FameLab International represents a global science communication success story, supporting the British Council’s mission to build connections, understanding and trust between people in the UK and other countries through education and cultural exchange.
The FameLab phenomenon
FameLab International’s ethos of cultural and scientific exchange proved to be a winning formula around the world. Over the competition’s 15-year history, FameLab International engaged over 40,000 participants and reached an audience of millions.
FameLab International was more than a competition – the initiative made an instant impact, acting as a catalyst for international partnerships, projects and cultural engagement.
Globally, FameLab heralded a new approach to public engagement in science around the world through events, masterclass training and the creation of new networks.
The competition’s 200 international partners - which included world-leading scientific organisations such as NASA and CERN - played a key role in the FameLab success story by lending their support, networks and expertise to help generate in-country interest and engagement.
"Initiatives like FameLab are really important because they bring people together in a unique way. The networks that develop across countries and across disciplines can be really inspiring and productive, and full of opportunity."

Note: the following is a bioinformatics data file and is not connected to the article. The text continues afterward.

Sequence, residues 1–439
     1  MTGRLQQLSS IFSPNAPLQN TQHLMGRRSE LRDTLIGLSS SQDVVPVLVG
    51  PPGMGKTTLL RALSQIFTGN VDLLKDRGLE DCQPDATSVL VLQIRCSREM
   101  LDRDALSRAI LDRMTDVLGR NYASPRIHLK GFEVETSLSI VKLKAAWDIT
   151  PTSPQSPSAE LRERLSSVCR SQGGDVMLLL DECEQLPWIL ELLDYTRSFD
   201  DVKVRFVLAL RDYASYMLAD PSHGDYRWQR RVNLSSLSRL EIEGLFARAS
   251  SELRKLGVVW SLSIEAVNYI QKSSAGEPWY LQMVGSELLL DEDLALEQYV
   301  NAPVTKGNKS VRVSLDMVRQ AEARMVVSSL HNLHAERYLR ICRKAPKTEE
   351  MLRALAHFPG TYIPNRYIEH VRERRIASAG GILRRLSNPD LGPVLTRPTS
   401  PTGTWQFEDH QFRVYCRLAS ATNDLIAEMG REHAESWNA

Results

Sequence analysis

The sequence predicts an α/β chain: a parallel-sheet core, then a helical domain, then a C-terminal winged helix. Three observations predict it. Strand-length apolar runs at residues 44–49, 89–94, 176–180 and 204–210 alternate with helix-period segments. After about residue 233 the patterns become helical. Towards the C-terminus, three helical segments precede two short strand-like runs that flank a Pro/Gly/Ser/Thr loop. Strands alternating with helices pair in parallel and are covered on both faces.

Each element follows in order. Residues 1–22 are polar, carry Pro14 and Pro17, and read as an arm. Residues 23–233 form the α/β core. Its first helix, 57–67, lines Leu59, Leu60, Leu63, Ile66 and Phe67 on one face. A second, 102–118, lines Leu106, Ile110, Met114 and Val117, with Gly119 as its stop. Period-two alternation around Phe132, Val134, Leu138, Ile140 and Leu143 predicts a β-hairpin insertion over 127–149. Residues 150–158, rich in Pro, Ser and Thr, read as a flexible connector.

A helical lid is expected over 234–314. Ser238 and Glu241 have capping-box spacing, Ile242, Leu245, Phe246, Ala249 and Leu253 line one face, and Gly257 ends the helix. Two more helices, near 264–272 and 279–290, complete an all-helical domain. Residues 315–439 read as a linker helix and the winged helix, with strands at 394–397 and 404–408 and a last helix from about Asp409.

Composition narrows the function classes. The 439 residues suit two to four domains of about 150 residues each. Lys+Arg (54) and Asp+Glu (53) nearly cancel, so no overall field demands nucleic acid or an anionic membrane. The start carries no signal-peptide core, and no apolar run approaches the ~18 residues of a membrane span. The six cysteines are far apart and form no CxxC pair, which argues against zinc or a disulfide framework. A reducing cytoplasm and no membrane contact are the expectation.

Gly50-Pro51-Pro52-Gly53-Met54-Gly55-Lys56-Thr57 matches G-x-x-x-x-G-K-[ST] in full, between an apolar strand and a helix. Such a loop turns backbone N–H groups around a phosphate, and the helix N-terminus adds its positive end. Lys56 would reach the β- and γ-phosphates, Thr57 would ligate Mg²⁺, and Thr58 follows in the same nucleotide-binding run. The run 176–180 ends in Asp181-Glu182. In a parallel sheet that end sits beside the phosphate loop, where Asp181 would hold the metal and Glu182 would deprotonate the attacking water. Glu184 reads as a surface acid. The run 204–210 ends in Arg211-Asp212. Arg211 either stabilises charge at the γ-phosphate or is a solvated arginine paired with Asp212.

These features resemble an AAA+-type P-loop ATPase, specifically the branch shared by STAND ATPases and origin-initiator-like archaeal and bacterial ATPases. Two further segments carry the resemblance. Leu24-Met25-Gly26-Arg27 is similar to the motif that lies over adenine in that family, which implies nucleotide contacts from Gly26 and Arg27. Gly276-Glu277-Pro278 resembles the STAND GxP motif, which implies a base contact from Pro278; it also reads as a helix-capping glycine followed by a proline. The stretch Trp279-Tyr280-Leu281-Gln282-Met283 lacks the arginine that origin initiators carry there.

Tim Lamont (formerly Gordon), FameLab UK and International winner 2019
The broad appeal of FameLab arguably lay in its simplicity: on the competition stage, participants had just three minutes to share their scientific research or work with a general audience armed with just simple props. Finalists were judged on the FameLab 3C’s: content, clarity and charisma.
Participants’ use of storytelling, humour and thought-provoking facts brought STEM research to audiences in a way that they may not have seen before. And for many participants, FameLab was their first introduction to the world of science communication and the importance of sharing their work with the public.
“I didn't know that this term science communication existed, so it was the first time to be introduced to the concept, and its importance and potential to shape people's minds.”
This science communication training was an invaluable source of professional development to participants, helping to inform their approach to working with and training the next generation of STEM students and researchers in their country.
Watch FameLab International content on Cheltenham Festival's FameLab YouTube channel
Watch FameLab-inspired content on the British Council YouTube channel
Visit the Cheltenham Festivals website to learn more about the future of FameLab.
If you would like to speak to the British Council about the FameLab International legacy, email